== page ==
Ankylosing Spondylitis

What is Ankylosing Spondylitis (AS)?

Ankylosing spondylitis (AS) is a chronic inflammatory disease that primarily affects the spine, causing pain, stiffness, and loss of mobility. 

It belongs to a group of conditions known as spondyloarthritis, which are characterised by inflammation of the joints and entheses (the sites where tendons and ligaments attach to bones).

Early symptoms often include back and neck pain, which is usually worse early in the morning or after rest. The pain may improve with exercise. AS can also affect other joints or include symptoms such as bowel irritation and sore eyes.

Common early symptoms include aching across the buttocks and pain across the chest or between the shoulder blades. Symptoms may flare and go into remission or slowly worsen over time. Without early treatment AS may lead to permanent stiffening of the spine and damage to other joints.

While AS can be challenging to live with, understanding the condition and its management can greatly improve quality of life.

Symptoms of Ankylosing Spondylitis (AS):

The most common symptoms of AS include:

  1. Back Pain: Persistent pain and stiffness in the lower back, buttocks, and hips are common symptoms of AS. This pain is often worse in the morning or after periods of inactivity.
  2. Stiffness: People with AS may experience stiffness and limited mobility, particularly in the morning or after prolonged periods of sitting or lying down.
  3. Fatigue: Chronic inflammation and pain associated with AS can lead to fatigue and reduced energy levels.
  4. Joint Pain: In addition to the spine, AS can affect other joints such as the shoulders, knees, and ankles, causing pain and swelling.
  5. Eye Inflammation: Some people with AS may develop inflammation of the eyes (uveitis), leading to redness, pain, and sensitivity to light

Who gets it?

AS usually runs in the family and can be associated with people who carry the HLA-B27 gene. Generally symptoms will appear between the ages of 15-40.

How is it diagnosed?

Diagnosing AS can be challenging, as its symptoms can mimic those of other conditions.

A rheumatologist can diagnose AS by analysing tests and examining your symptoms.

The rheumatologist will usually discuss your family history; examine your spine and other joints, your eyes; test a blood sample for the HLA-B27 gene; and may order an x-ray or scan of your spine and pelvis.

What is the treatment?

There is currently no cure for AS but there has been great progress in managing the disease. Treatment options may include:

#1. Medications:

Medications can help slow down the damage, relieve pain and stiffness and reduce long term disability. The aim of treatment is remission - to be symptom free and return to normal function. Each person responds differently to medications, so you will need to work with your rheumatologist or GP to find the best medications for you.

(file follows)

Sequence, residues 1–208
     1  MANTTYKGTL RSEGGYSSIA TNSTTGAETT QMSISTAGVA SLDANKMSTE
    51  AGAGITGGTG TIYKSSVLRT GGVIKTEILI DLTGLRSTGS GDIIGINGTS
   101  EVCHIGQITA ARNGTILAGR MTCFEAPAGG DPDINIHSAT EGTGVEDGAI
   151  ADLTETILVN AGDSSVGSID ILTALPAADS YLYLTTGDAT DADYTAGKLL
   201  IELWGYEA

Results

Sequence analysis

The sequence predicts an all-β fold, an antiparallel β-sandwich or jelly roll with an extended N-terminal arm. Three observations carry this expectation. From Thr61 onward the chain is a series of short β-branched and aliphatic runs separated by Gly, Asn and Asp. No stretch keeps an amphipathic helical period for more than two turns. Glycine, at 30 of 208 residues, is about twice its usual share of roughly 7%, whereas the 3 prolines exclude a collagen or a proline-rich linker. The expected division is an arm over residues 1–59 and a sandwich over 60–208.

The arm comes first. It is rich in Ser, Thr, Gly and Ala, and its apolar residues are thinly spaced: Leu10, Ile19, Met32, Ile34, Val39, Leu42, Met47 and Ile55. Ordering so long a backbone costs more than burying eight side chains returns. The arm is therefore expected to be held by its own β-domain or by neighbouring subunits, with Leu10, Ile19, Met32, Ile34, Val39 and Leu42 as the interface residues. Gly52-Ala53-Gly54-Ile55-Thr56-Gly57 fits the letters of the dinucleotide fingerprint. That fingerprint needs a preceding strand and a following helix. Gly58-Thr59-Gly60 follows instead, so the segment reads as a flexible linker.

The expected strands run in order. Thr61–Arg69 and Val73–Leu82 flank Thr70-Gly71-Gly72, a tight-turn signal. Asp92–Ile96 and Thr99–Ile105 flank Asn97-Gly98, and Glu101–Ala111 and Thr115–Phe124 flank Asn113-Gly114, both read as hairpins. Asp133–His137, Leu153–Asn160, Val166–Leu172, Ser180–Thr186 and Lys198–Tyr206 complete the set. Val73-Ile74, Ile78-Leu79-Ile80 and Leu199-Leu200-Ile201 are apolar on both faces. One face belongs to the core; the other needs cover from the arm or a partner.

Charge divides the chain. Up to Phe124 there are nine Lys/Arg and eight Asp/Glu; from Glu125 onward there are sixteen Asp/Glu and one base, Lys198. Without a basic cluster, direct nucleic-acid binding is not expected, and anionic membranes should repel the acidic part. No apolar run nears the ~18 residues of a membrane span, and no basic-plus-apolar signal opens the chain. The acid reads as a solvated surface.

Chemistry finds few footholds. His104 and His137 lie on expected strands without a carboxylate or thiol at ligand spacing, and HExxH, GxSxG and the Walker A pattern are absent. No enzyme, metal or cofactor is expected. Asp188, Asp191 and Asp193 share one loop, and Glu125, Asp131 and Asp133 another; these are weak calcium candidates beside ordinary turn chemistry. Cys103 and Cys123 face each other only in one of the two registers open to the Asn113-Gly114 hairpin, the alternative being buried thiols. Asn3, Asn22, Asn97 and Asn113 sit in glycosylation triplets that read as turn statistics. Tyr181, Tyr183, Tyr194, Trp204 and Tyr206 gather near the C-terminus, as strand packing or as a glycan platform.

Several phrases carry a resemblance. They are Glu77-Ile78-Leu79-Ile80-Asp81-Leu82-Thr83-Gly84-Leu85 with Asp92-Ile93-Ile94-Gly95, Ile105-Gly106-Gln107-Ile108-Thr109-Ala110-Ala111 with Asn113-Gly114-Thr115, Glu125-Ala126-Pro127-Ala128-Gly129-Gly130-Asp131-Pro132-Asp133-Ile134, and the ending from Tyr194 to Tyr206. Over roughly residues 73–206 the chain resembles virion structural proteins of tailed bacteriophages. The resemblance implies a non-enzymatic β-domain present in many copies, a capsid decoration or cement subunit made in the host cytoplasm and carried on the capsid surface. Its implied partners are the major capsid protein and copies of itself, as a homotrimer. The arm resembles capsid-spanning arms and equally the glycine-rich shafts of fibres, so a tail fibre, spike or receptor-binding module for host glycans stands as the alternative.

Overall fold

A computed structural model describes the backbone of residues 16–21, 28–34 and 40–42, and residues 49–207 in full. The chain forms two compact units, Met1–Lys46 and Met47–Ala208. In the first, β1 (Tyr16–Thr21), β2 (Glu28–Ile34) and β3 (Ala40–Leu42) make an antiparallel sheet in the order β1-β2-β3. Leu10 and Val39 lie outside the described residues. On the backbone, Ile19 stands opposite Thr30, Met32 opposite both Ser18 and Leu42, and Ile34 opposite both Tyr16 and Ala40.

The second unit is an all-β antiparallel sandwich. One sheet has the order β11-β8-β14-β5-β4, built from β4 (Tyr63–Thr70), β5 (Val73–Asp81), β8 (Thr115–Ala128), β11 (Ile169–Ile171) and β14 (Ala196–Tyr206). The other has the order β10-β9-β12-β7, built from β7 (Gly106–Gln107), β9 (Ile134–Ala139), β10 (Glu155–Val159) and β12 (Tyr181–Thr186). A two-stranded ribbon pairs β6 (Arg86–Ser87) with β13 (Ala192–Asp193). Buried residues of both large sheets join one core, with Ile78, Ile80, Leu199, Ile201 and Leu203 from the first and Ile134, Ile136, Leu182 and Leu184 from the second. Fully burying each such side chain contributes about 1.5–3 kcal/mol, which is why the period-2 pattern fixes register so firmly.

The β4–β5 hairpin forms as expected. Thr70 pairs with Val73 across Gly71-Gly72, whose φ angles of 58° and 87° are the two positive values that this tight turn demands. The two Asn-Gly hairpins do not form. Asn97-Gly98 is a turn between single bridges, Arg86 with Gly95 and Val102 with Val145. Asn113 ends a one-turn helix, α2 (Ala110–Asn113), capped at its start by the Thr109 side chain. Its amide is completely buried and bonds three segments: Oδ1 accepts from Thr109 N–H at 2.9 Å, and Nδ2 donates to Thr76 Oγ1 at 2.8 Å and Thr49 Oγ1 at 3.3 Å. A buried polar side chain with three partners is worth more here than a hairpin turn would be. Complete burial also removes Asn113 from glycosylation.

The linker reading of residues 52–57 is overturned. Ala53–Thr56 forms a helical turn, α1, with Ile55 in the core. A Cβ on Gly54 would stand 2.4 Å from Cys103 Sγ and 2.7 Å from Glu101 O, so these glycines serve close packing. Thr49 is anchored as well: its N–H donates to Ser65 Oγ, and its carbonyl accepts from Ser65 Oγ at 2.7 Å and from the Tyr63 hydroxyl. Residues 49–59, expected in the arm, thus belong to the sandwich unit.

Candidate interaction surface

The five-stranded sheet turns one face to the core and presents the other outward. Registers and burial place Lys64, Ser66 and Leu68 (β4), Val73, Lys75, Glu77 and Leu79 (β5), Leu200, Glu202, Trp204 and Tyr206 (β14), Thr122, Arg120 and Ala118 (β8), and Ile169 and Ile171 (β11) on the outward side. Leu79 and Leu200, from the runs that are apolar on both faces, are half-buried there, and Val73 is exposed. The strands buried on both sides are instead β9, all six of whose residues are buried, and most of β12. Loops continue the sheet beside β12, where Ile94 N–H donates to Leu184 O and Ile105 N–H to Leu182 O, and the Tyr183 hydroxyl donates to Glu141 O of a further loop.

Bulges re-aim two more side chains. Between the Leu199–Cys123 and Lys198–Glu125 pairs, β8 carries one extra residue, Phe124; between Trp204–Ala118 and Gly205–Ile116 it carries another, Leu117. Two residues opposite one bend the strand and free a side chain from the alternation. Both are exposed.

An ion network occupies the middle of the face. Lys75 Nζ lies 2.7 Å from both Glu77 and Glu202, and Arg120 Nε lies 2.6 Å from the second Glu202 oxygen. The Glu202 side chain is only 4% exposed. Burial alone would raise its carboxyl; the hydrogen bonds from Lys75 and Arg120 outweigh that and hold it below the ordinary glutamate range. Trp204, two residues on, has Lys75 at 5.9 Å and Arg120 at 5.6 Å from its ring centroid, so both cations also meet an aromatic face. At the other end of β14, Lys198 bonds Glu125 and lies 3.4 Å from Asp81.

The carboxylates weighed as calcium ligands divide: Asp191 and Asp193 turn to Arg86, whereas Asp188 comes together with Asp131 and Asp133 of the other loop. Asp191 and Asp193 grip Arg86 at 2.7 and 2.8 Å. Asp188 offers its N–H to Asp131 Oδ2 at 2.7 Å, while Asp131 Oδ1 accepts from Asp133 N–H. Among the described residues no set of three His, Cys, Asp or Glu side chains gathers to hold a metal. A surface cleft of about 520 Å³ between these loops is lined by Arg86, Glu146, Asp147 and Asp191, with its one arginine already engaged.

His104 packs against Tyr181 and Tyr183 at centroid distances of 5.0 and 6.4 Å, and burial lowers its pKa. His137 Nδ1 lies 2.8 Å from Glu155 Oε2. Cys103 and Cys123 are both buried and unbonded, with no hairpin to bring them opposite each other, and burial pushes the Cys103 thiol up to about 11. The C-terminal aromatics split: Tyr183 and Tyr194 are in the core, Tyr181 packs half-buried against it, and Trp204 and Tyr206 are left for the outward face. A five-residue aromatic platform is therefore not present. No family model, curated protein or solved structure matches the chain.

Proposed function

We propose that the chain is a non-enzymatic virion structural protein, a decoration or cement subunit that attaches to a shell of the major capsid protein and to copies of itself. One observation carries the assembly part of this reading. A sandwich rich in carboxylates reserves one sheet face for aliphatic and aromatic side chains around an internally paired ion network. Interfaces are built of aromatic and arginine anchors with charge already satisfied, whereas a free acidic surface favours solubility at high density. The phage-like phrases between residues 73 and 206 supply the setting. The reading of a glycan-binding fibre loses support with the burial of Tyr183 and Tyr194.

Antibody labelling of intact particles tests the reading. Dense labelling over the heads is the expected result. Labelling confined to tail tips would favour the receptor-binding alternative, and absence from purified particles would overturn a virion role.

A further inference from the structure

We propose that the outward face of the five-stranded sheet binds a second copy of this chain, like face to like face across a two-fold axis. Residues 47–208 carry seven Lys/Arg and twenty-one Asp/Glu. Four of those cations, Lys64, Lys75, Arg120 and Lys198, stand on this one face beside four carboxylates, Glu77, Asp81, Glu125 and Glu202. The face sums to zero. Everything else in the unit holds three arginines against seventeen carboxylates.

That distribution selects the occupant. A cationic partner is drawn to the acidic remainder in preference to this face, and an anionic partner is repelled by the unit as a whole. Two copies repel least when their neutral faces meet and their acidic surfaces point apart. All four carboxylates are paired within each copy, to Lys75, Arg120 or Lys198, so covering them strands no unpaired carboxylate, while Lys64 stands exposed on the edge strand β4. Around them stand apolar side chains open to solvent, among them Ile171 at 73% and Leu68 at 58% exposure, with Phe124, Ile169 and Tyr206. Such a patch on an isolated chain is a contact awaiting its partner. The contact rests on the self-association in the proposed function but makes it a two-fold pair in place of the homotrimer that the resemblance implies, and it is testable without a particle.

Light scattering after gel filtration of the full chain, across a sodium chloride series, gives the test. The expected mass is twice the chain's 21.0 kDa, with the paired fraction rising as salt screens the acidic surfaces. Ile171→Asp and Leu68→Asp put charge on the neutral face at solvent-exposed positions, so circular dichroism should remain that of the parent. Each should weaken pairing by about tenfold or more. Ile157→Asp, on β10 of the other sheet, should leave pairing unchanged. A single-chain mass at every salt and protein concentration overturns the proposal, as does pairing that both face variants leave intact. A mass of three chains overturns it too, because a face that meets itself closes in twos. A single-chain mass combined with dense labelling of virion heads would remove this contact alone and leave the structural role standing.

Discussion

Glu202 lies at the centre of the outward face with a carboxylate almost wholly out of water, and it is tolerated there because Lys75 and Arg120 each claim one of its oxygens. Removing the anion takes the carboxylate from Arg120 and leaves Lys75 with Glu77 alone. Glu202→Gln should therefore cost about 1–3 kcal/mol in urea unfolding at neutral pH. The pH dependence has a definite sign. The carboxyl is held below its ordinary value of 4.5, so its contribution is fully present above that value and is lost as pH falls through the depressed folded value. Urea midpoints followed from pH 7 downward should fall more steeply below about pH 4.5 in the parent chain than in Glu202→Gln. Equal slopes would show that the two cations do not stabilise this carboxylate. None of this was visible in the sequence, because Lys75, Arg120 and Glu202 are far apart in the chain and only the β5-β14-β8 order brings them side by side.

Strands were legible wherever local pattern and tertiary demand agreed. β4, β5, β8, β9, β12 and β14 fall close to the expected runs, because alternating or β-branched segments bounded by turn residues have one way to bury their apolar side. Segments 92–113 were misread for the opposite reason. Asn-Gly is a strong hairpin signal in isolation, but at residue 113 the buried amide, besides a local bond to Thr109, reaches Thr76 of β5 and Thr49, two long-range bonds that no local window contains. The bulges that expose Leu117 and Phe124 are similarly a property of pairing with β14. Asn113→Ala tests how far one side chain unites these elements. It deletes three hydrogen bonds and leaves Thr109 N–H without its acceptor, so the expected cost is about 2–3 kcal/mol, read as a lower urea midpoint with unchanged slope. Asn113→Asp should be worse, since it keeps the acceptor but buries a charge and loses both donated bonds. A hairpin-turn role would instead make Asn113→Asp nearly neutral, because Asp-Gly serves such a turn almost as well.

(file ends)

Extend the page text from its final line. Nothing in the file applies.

#2. Eating well:

Eating a balanced diet that is low in saturated fat, sugar and salt, but high in fresh fruit, vegetables and healthy fats (omega-3 fatty acids) is good for most people. Managing your weight can help you reduce strain on your lower back, hips, legs and feet.

#3. Keeping active:

Regular physical activity helps reduce pain, strengthen muscles, maintain good posture and improves overall health. Consider working on a prescribed set of exercises with your physiotherapist. Suggested activities include swimming, walking, jogging, low-impact aerobics and tennis. 

#4. Psychological:

By taking control of your condition you can approach it with a positive attitude. Early diagnosis, a good relationship with your doctor and assistance from a psychologist can help you to deal with pain and the psychological impact of AS.

What Are Some Ways to Help Manage AS?

Living with ankylosing spondylitis requires proactive management and self-care. Here are some tips for managing AS effectively:

#1. Maintain Good Posture: Practice good posture habits to minimise strain on the spine and prevent worsening of symptoms.

#2. Use Heat Therapy: Applying heat packs or taking warm baths can help reduce pain and stiffness in the joints.

#3. Seek Support: Joining one of our Online Support Groups or connecting with others living with AS in our Peer-Mentor Telephone Service 'Arthritis Assist' can provide valuable emotional support and practical advice. 

#4. Stay Informed: Stay informed about the latest research and treatment options for AS, and work closely with your healthcare team to develop a personalised management plan.


Learn about Associate Professor Tony Kenna's research on the treatment of AS -  Personalised Medicine in the treatment of Ankylosing Spondylitis

By understanding ankylosing spondylitis and actively managing its symptoms, people with AS can lead fulfilling and productive lives despite the challenges posed by the condition.

With the right combination of treatment, lifestyle modifications, and support, it is possible to minimise the impact of AS and maintain a good quality of life.

How can we help? 

More information and support 

Order your free booklet Taking control of your Ankylosing Spondylitis. 

Join one of our online support groups to connect with other Australians living with arthritis. 

Register for Arthritis Assist to speak one-on-one with someone else living with arthritis. 

Register for our online exercise program, Arthritis Moves!